“Shares of movie-rental services Blockbuster Inc. (BBI: $2.73, -0.50, -15.5%) and Netflix Inc. (NFLX: $21.84, -0.93, -4.1%) both dropped sharply Tuesday after Apple Inc. unveiled a new online movie-rental service that it says has the backing of all the major movie studios,” Alexander Davis reports for MarketWatch.
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Apple today announced iTunes Movie Rentals featuring movies from all the major movie studios including 20th Century Fox, The Walt Disney Studios, Warner Bros., Paramount, Universal Studios Home Entertainment, Sony Pictures Entertainment, Metro-Goldwyn-Mayer (MGM), Lionsgate and New Line Cinema. Users can rent movies for as low as $2.99 and watch them on their Macs or PCs, all current generation iPods, iPhone and Apple TV. iTunes Movie Rentals launches today and will offer over 1,000 titles by the end of February, including over 100 titles in stunning high definition video with 5.1 Dolby Digital surround sound which users can rent directly from their widescreen TV using Apple TV. iTunes Movie Rentals are priced at $2.99 for library titles and $3.99 for new releases, and high definition versions are just one dollar more with library titles at $3.99 and new releases at $4.99.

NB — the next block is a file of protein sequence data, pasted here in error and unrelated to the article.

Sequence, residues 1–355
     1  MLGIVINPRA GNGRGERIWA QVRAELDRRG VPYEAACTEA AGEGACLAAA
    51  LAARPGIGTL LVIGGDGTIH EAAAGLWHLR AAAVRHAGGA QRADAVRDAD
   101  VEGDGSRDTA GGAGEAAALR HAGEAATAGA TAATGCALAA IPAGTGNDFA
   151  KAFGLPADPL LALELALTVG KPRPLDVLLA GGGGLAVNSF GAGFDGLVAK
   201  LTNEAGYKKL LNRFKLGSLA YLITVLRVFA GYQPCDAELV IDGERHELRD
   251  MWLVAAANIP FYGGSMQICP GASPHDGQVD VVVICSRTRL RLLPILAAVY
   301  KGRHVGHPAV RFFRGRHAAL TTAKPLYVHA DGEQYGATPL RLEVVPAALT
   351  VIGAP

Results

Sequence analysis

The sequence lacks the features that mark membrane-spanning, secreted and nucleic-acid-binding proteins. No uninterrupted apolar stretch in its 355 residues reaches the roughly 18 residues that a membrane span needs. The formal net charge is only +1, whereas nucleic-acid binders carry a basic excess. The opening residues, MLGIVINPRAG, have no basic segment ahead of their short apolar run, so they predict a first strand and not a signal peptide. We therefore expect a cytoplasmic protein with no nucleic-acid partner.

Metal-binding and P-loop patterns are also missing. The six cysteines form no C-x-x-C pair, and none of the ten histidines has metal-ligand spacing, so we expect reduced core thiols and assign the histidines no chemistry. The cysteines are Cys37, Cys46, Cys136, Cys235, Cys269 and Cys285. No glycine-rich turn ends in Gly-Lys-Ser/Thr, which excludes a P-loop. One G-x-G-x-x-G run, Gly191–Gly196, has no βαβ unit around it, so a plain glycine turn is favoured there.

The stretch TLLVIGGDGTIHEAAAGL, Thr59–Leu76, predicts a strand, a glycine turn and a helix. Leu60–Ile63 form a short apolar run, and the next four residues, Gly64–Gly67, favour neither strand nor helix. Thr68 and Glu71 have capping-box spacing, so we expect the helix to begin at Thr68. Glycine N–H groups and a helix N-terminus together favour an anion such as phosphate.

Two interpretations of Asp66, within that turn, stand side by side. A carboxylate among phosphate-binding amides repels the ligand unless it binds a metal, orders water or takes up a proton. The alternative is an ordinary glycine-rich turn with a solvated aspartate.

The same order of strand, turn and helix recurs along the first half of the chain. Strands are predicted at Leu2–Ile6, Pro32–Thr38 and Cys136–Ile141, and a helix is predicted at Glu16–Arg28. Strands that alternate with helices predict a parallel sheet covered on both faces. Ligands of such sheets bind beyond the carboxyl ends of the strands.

In addition, Twentieth Century Fox and Apple today announced Digital Copy for iTunes, which provides customers who purchase a DVD with an additional Digital Copy of the movie. Just like movies purchased from the iTunes Store, an iTunes Digital Copy can effortlessly be transferred to iTunes and then viewed on a PC or Mac, iPod with video, iPhone or on Apple TV.
Apple today also unveiled all new software for Apple TV that allows movie fans to rent movies on the iTunes Store directly from their widescreen TV, and lowered the price of Apple TV to just $229. With iTunes Movie Rentals and Apple TV, users can just click a button on their remote to effortlessly rent movies from a catalog of over 1,000 titles by the end of February, including over 100 titles in stunning high definition video with 5.1 Dolby Digital surround sound, with no computer required.